Volume 1 Number 23
June 7, 2004 











On August 24, 1992, while I was serving as Florida’s insurance commissioner, Hurricane Andrew hit south of Miami and became the costliest natural disaster in U.S. history.

The estimated total losses from Andrew reached nearly $30 billion, $16 billion of that amount in insured losses. If Andrew had shifted one degree to the North, slamming into downtown Miami, insured losses would have been more than $50 billion. 

In the years before Andrew, much residential and commercial development had popped up along our shorelines and in our cities and towns - on land once used for orange groves and cattle farms. Every home and every shop needed property insurance protection and each insurer was issuing new policies to keep pace with the demand. Before Andrew, Florida’s property insurance market was one of the most active and competitive in the nation. But in Andrew’s wake, companies that took in $11 billion in the previous 20 years paid out $16 billion in losses.

After Andrew, insurance companies wanted to drastically reduce the number of properties and amount of policy coverage issued in our state. Companies went bankrupt, wanted to leave the market, or simply would not write new policies in a state with high property values and the threat of hurricanes.  Approximately 936,000 policyholders were left with nowhere to turn for coverage. 

Following Andrew, decisive actions were taken to prevent an economic meltdown. We learned from Andrew and are now better prepared to meet the situation if it happens again.

In 2002, to help improve our homeowners insurance market I convinced the legislature to create Citizens Property Insurance Corporation from the merger of the state’s two residual markets for homeowners insurance. The benefits to Floridians have been meaningful.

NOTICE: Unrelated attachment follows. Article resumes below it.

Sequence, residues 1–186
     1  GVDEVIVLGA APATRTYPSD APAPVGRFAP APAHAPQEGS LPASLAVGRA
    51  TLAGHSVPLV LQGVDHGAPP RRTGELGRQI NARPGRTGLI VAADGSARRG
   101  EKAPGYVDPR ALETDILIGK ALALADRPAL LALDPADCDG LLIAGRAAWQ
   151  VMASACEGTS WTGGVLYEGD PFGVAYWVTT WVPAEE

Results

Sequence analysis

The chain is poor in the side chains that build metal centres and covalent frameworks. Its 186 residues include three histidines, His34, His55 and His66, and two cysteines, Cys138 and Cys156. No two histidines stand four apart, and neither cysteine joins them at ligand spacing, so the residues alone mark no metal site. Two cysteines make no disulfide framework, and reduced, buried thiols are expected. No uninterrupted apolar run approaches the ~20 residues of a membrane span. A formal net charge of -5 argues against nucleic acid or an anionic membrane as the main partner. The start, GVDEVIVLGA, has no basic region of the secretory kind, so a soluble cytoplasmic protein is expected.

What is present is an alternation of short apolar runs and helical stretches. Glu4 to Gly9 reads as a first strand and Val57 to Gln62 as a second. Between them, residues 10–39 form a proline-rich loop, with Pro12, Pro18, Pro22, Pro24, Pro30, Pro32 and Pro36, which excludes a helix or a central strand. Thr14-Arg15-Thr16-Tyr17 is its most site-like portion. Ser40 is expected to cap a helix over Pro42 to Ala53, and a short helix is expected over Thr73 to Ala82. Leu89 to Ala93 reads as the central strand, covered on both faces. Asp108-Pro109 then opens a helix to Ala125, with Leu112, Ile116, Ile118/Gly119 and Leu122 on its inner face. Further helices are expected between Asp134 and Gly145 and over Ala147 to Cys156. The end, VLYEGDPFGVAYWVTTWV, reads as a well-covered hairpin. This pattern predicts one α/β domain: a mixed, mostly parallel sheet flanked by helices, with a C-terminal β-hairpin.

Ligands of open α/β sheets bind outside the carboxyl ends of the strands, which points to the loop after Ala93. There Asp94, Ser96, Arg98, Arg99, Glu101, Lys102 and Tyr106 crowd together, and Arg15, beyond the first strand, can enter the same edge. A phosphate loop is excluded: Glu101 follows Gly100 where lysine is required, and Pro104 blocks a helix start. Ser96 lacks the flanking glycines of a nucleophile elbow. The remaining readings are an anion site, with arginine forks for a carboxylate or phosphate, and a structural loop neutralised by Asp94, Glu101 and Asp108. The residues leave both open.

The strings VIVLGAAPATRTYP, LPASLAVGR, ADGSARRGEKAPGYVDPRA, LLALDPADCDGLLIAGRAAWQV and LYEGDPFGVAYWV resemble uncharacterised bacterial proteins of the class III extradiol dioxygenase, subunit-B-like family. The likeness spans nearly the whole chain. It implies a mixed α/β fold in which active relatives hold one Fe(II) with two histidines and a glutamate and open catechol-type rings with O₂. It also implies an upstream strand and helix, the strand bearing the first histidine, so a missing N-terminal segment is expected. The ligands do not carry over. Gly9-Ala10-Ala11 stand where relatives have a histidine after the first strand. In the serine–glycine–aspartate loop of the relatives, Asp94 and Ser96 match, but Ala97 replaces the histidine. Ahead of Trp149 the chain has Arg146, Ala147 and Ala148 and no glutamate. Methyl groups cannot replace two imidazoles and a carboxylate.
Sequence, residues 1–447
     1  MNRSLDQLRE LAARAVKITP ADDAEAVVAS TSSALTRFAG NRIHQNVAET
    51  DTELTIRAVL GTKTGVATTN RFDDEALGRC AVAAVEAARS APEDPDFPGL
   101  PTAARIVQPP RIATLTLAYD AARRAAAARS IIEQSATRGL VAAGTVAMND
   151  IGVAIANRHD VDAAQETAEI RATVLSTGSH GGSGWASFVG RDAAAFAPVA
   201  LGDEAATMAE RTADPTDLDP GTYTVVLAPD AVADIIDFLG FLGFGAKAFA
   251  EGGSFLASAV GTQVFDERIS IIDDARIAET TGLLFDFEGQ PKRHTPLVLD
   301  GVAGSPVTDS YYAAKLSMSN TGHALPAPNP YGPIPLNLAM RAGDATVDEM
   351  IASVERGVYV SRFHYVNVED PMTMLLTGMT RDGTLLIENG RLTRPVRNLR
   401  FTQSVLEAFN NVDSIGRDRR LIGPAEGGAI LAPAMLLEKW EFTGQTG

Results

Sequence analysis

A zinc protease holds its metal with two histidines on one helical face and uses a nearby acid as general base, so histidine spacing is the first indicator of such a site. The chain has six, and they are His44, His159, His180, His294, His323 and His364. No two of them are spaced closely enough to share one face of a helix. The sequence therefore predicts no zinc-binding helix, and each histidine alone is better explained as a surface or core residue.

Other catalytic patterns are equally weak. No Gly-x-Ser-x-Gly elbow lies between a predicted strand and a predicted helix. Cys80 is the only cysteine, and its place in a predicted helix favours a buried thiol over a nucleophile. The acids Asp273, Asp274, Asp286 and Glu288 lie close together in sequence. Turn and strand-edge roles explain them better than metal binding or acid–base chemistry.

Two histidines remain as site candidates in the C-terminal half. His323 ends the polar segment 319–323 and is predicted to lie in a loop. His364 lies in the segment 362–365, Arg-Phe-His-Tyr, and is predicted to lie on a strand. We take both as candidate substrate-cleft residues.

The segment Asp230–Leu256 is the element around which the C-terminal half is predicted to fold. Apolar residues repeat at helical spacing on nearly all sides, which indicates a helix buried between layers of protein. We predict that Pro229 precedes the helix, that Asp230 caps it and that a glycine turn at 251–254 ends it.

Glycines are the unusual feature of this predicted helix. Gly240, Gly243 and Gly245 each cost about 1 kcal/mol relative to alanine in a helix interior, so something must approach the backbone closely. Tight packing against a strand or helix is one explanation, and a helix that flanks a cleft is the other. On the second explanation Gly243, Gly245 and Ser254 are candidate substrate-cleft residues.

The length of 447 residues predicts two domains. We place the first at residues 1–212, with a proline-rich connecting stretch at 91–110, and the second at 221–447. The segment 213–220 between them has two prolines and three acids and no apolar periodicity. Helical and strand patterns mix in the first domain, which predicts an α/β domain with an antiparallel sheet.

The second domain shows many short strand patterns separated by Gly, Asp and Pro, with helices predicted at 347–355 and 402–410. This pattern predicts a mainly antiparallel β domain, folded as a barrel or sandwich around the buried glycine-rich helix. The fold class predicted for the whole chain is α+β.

First – significant tax savings. Citizens was created with the guidance of state and federal expertise to be a tax-exempt organization.  Hundreds of millions of dollars that would otherwise have been paid in taxes will now be available to cover policyholder claims.  Citizens’ tax-exempt status also means billions of dollars in tax savings if bonds had to be issued to help pay claims after a catastrophic storm. 

Second – less government involved in this market. Florida previously had two separate residual property markets with separate administrations, two different headquarters and two sets of regulations and agendas.  Under Citizens, duplication of service is eliminated and dollars are being saved. 

Third -- improved customer service. Citizens issues an all-perils policy, including windstorm coverage, to its policyholders. The choice of a single policy means a policyholder has one insurance agent and one insurance adjuster for all perils and claims covered by the Citizens policy.

During the 2004 session, I successfully persuaded the legislature to improve the state's Hurricane Catastrophe Fund -- increasing the availability of homeowners insurance and improving Florida’s ability to recover financially from catastrophic hurricanes. With the passage of this legislation, several insurance carriers have already committed to writing more coverage this hurricane season.

What continues to concern me are the 800-900 new people who move here every day, leaving us vulnerable to greater catastrophic economic losses because of our larger population. Educating Florida’s citizens for hurricane preparation is an ongoing process.

We must ensure we are prepared financially, have a more efficient evacuation plan in place to get residents out quickly and safely, and establish better coordination among local, state and federal agencies in response to a disaster.

Ultimately, being prepared is the best defense against the storm.